I Can’t Stop Reading One-Star Yelp Reviews of National Parks

“I really wanted to enjoy this canyon…”

Pete Ryan

The National Park Service turns 99 years old on Tuesday. To celebrate, the Department of the Interior has waived admission fees for all NPS sites for the day. That’s a pretty sweet deal. You should stop reading this right now, call in sick, and enjoy the great outdoors. National parks are great.

But not everyone agrees. Yelp is filled with one- and two-star reviews of America’s most pristine and majestic natural wonders. And honestly, they’re riveting. What makes a national park a one-star destination varies from one reviewer to the next. Maybe the tacos at the visitor center aren’t up to snuff. Maybe it was cloudy. Maybe the park was too cowardly to cut down some trees for spillover parking lots. Maybe it was President Barack Obama’s fault.

Whatever the case, you can thank these people for leaving the campgrounds a little bit less crowded for the rest of us:

Joshua tree:

The desert is too hot. Esther Lee/Flickr

I looked it up, and it’s true—the bees at Joshua Tree National Park are out of control. In 2000, a group of hikers was attacked by a swarm and one man was stung more than 100 times. They tried to get inside their car to escape, but some of the bees followed them inside the car and continued stinging them. Holy crap, bees! If you were stung 100 times by bees at Joshua Tree, you should give it one star. But maybe it shouldn’t have come as too much of a surprise that the desert gets hot in the summer. This is like downgrading a restaurant because you went there on a hunger strike.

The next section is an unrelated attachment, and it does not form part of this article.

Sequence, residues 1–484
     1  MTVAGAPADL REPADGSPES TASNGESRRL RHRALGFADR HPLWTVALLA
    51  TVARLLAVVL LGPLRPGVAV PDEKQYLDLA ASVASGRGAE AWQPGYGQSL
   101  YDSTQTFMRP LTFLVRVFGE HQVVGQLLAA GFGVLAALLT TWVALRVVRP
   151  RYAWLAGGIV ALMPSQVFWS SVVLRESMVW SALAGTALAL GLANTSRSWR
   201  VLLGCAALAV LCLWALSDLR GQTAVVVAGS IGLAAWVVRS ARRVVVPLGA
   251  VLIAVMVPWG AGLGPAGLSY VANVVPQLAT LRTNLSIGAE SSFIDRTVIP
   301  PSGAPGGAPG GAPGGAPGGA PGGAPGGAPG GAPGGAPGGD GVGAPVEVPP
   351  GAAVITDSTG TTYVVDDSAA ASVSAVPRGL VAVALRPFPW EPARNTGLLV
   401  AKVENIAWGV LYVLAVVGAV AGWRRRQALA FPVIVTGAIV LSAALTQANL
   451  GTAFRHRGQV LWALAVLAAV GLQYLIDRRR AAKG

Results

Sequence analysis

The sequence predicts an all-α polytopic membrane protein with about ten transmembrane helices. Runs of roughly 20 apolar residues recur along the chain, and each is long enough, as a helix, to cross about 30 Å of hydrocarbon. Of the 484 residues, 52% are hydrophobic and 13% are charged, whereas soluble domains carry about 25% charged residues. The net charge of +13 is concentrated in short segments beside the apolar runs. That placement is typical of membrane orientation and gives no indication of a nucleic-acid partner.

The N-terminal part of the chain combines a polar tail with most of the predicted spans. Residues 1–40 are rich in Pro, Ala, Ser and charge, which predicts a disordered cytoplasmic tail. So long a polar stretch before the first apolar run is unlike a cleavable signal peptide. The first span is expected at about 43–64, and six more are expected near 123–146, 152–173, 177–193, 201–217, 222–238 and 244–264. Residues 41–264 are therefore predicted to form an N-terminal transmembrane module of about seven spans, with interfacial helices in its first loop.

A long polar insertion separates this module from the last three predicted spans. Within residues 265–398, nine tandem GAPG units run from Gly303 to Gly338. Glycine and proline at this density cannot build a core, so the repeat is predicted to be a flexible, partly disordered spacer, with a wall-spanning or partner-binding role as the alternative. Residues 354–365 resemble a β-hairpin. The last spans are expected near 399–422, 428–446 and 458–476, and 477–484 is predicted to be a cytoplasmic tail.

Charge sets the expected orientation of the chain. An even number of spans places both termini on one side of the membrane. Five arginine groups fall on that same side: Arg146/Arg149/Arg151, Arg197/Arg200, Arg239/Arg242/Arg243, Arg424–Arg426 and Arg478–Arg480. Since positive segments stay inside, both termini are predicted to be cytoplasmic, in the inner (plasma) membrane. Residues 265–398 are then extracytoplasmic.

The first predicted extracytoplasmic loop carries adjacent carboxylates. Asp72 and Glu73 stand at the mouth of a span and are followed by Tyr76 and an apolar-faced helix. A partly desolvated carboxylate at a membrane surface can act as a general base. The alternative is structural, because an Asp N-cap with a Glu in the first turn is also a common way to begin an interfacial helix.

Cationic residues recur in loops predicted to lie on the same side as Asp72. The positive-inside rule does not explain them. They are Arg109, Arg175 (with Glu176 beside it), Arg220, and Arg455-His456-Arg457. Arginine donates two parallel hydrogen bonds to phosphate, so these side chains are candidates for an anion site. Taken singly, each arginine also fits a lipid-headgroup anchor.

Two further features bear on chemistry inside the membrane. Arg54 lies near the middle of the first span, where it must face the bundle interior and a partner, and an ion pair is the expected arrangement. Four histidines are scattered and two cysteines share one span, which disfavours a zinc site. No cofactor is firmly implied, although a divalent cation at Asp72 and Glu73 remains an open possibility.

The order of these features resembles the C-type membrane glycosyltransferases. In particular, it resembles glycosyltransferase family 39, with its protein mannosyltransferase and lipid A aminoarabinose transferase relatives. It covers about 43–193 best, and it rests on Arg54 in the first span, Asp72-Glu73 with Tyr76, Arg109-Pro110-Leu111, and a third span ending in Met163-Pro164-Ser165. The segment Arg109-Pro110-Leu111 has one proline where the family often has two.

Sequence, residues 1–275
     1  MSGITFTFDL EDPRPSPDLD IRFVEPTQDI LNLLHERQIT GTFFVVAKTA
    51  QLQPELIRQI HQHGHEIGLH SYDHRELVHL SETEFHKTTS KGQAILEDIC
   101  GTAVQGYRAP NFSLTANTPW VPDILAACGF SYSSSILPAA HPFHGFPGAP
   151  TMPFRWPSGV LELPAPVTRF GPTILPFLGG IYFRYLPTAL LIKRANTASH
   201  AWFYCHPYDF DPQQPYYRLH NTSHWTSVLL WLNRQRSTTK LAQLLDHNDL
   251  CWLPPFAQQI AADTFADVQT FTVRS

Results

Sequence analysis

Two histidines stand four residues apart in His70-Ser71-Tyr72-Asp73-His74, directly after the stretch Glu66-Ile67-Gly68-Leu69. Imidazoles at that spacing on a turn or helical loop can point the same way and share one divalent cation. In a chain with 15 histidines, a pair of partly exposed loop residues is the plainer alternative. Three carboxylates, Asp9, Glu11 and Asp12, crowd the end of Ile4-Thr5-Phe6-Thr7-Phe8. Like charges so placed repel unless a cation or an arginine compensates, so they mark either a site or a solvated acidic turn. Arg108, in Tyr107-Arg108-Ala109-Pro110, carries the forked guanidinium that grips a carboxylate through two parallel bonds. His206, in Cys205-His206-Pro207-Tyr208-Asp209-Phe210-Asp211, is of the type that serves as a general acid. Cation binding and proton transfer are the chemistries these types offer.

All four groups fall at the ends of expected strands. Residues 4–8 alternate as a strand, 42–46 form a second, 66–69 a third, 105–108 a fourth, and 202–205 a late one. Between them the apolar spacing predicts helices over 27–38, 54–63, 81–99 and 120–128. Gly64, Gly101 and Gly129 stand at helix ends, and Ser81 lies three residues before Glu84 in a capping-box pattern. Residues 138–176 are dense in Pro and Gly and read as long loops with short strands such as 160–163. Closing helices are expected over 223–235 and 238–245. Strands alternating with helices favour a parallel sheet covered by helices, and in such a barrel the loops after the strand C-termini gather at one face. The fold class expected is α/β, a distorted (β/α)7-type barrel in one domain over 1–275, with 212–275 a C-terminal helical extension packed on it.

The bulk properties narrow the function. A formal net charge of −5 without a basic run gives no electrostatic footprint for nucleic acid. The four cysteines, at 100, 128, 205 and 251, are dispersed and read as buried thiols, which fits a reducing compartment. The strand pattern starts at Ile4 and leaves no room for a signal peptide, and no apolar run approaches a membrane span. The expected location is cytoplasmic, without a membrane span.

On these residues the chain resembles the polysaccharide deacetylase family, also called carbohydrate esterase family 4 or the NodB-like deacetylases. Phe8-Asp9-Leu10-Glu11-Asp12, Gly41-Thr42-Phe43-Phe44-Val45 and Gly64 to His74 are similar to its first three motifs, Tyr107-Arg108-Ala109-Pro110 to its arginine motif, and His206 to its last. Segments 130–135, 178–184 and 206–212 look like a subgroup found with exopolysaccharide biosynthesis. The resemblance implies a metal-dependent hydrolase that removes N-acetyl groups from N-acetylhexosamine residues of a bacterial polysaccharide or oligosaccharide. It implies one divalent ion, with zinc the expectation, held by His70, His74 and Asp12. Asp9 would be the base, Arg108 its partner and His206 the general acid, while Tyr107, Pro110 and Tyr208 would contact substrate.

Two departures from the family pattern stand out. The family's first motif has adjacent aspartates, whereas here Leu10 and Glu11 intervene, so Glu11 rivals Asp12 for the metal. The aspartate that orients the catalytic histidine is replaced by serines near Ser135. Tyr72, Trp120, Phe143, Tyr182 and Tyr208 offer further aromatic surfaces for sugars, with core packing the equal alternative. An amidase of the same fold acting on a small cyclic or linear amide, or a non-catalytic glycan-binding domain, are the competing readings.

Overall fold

Death Valley:

Pass. John Fowler/Flickr

Pinnacles:

Some rocks. sfbaywalk/Flickr

Yosemite:

And? Aaron & Carol/Flickr

Lassen volcanic:

Where’s the lava? Roy Scribner/Flickr

Crater Lake:

You could see Fantastic Four for the same price. Glenn Scofield Williams/Flickr

And a bonus two-star review of Crater Lake that’s kidding itself about not being a one-star review:

Olympic:

A big rock with glorified weeds. Esther Lee/Flickr

Do not let the National Park Service tell you how many friends you can have.

Grand Canyon:

Few amenities. Grand Canyon National Park/Flickr

Carlsbad Caverns:

Only go to this cave if you like caves. Greg Heartsfield/Flickr

Petrified Forest:

The trees are all dead! Park Ranger/Flickr

Yellowstone:

Good luck swimming here. A Davis/Flickr

Badlands:

Bad. Jim Bowen/Flickr

Arches:

One star. Max and Dee Bernt/Flickr

Zion:

Skip the tacos. Cyril Fluck/Flickr

Shenandoah:

Pure government overreach. David McSpadden/Flickr

(N.B.: There is an entire visitor center devoted to the mistreatment of former inhabitants.)

Acadia:

Nice try, try a state park. Robbie Shade/Flickr

Hawai’i Volcanoes:

Still no lava. Ed Dunens/Flickr

Haleakala:

This is it? Joe Parks/Flickr

But enough about the sunrise, already. How were the tacos?

 

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As we wrote over the summer, traffic has been down at Mother Jones and a lot of sites with many people thinking news is less important now that Donald Trump is no longer president. But if you're reading this, you're not one of those people, and we're hoping we can rally support from folks like you who really get why our reporting matters right now. And that's how it's always worked: For 45 years now, a relatively small group of readers (compared to everyone we reach) who pitch in from time to time has allowed Mother Jones to do the type of journalism the moment demands and keep it free for everyone else.

Please pitch in with a donation during our fall fundraising drive if you can. We can't afford to come up short, and there's still a long way to go by November 5.

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